Remember when I talked about how Elian pays us back in smiles? Well I think he is ready to start exploring other forms of currency: He has started to hug! Overall I would say Elian is not into hugging or cuddling. Cuddling requires him to stay still for more than 2 seconds and let's just say we don't call him the hurricane for nothing. Still Arnold and I have been hugging him and kissing him and doing our best to coddle him despite his reticence. I honestly had kind of given of hope that he would ever be interested in hugging us back.
Just like a pot that doesn't like to be watched though, the second I accepted his lack of interest in hugging he changed his mind about the practice and embraced it with gusto. Elian is not a conformist though, he has his own special ways of hugging. He starts off with the piggyback hug. This is where he runs around in back of you and kind of strangles your neck gleefully. Then he moves on to the full flying bear hug. He runs at you from the front, throws himself into your lap and grabs your neck forcefully. He is surprisingly strong for a not-yet two year old. Sometimes he gets overcome in the moment and follows up the hug by pulling your hair. I'm not so much into that part, but you know, I'll take what I can get.
I recently came back from a business trip to Atlanta expecting to arrive home to fallout: a confused toddler who was upset that Mommy left. Last time I left for work he regressed noticeably. He refused to look at me for 3 days after I got home. Let me just say that it is hard to leave home knowing that you'll have to re-teach your child to make eye contact (for the fourth time) when you return. But you know toddlers, just when you get the zig down, they zag.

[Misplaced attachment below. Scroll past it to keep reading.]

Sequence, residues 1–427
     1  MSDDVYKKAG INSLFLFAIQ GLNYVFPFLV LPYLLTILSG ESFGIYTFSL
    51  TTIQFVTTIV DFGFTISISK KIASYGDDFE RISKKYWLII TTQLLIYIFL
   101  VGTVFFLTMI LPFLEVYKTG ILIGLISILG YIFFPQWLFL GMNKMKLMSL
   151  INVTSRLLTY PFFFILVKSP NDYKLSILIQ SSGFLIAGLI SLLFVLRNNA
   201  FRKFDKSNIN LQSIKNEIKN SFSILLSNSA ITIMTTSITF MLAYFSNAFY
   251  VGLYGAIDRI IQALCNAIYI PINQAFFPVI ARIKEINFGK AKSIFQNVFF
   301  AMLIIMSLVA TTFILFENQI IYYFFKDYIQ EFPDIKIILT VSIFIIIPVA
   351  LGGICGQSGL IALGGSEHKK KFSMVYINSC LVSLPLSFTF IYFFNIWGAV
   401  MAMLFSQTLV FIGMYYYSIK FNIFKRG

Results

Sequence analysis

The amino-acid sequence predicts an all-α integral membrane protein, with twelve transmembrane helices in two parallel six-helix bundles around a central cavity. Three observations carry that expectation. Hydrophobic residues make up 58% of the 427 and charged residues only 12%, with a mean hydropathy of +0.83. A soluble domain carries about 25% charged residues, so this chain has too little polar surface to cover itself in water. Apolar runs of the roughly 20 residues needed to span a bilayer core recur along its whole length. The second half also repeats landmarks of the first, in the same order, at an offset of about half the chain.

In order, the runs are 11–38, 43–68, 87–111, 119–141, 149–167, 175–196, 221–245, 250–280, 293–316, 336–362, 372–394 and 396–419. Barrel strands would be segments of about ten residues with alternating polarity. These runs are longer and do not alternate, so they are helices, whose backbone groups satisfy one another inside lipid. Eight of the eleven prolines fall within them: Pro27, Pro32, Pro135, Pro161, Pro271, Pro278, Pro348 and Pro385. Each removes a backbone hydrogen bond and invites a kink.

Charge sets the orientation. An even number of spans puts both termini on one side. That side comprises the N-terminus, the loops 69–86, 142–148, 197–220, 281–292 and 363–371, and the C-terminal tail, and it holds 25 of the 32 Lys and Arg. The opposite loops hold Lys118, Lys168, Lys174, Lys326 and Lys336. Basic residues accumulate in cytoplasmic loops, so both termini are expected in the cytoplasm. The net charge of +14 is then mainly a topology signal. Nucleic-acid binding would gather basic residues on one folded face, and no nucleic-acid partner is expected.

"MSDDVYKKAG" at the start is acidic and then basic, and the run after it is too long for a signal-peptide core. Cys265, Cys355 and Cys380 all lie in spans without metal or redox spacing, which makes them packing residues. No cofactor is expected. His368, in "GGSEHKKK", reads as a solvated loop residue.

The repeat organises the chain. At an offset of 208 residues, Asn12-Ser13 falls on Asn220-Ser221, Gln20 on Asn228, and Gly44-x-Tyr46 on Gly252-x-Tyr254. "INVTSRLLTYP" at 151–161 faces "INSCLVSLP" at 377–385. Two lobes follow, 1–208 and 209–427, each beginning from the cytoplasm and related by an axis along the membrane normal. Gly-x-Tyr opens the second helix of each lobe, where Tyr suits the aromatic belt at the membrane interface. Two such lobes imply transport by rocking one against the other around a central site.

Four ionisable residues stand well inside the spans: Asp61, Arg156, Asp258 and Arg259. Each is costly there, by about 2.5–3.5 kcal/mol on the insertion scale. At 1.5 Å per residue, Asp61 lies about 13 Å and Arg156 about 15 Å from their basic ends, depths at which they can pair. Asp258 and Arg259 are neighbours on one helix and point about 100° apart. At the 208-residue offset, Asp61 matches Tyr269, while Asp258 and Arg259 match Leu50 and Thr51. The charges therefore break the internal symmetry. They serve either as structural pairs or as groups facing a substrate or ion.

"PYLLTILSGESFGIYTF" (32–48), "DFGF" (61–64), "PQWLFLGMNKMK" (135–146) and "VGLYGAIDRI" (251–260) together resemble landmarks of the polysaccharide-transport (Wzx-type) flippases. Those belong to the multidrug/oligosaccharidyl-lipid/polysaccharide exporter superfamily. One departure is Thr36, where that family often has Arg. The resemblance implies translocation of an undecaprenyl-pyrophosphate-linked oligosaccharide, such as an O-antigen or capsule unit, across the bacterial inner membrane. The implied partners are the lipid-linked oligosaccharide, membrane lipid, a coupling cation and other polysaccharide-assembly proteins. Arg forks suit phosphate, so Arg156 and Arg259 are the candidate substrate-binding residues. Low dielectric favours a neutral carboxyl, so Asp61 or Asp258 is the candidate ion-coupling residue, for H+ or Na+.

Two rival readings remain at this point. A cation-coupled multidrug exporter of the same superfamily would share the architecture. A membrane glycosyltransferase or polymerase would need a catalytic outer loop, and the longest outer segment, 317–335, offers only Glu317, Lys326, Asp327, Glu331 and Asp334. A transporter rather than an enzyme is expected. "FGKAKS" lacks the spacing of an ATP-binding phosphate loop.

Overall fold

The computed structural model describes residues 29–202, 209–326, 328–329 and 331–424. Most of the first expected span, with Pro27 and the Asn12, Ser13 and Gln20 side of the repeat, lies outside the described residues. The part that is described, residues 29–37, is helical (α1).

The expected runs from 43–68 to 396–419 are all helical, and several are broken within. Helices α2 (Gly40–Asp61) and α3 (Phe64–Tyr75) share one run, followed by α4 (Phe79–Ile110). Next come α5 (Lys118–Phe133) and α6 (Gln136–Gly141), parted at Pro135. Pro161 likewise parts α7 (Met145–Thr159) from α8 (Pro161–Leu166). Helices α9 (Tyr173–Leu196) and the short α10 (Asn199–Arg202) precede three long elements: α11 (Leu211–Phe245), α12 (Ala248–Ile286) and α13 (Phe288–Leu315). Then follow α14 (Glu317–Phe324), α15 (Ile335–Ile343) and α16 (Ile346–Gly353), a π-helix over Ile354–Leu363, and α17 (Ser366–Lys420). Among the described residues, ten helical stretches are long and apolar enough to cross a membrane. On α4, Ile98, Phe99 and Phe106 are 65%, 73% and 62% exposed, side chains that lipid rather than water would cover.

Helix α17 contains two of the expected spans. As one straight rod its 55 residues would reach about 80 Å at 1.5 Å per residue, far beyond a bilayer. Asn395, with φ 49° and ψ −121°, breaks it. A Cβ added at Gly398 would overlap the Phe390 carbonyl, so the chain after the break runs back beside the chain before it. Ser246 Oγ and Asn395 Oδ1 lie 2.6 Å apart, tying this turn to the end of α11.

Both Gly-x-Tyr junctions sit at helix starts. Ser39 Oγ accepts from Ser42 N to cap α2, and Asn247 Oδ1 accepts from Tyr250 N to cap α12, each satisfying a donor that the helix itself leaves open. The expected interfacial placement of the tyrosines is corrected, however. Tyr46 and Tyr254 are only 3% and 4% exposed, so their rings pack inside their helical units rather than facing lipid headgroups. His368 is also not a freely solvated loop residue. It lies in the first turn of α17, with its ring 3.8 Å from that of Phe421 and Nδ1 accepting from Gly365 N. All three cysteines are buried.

This time I didn't come home to an angry toddler. I came home to one that was happy to see me return. When I got back last week and sat down on him with the floor ready to rebuild our relationship for what feels like the zillionth time I was pleasantly surprised to find out while I was gone my little dinosaur had gotten on the hugging train. Ten minutes of sitting on the floor and playing trains earned me one neck hug and one flying bear hug.
It's hard to express what those hugs mean to me. Arnold and I love Elian and for the past six months we've been doing our best to accept that we have to teach him everyday that we are his new parents and love him without the expectation that he will love us back. To some degree I'm sure all parents do this: adoptive or not. But for many months we did it knowing that our child needed us to love him through the process of grieving the loss of his foster parents. For a long time he didn't see us as his parents. Sure he favored us, but mostly because we were the people he knew the best in a scary world full of strangers. Sure he looked for us to carry him and feed him but at night he sobbed and called out for his foster mother. To say that it's hard to love someone with the all-consuming energy that a child requires while simultaneously knowing that they do not yet love you is very hard. It is heart-breaking and it seems like it will never end. So you mentally set aside the idea that your child will hug you, or love you or call you Mommy because thinking about those things is too hard. It's too hard to watch other children say "Mommy" or happily give their parents sloppy kisses. You tell yourself over and over again "I have to understand him. I have to give him time. He's just a little person in a big scary world" But still, it's hard. It's hard every single day. You tell yourself not to have expectations, but it hurts every single time he pushes you away.
So the hug is not just a hug. It's a sign that things are starting to change. That your hard-work earning the title of parent is starting to pay off. That you can start to dare to hope that the day your child loves you unreservedly and knows you are his mother is coming soon.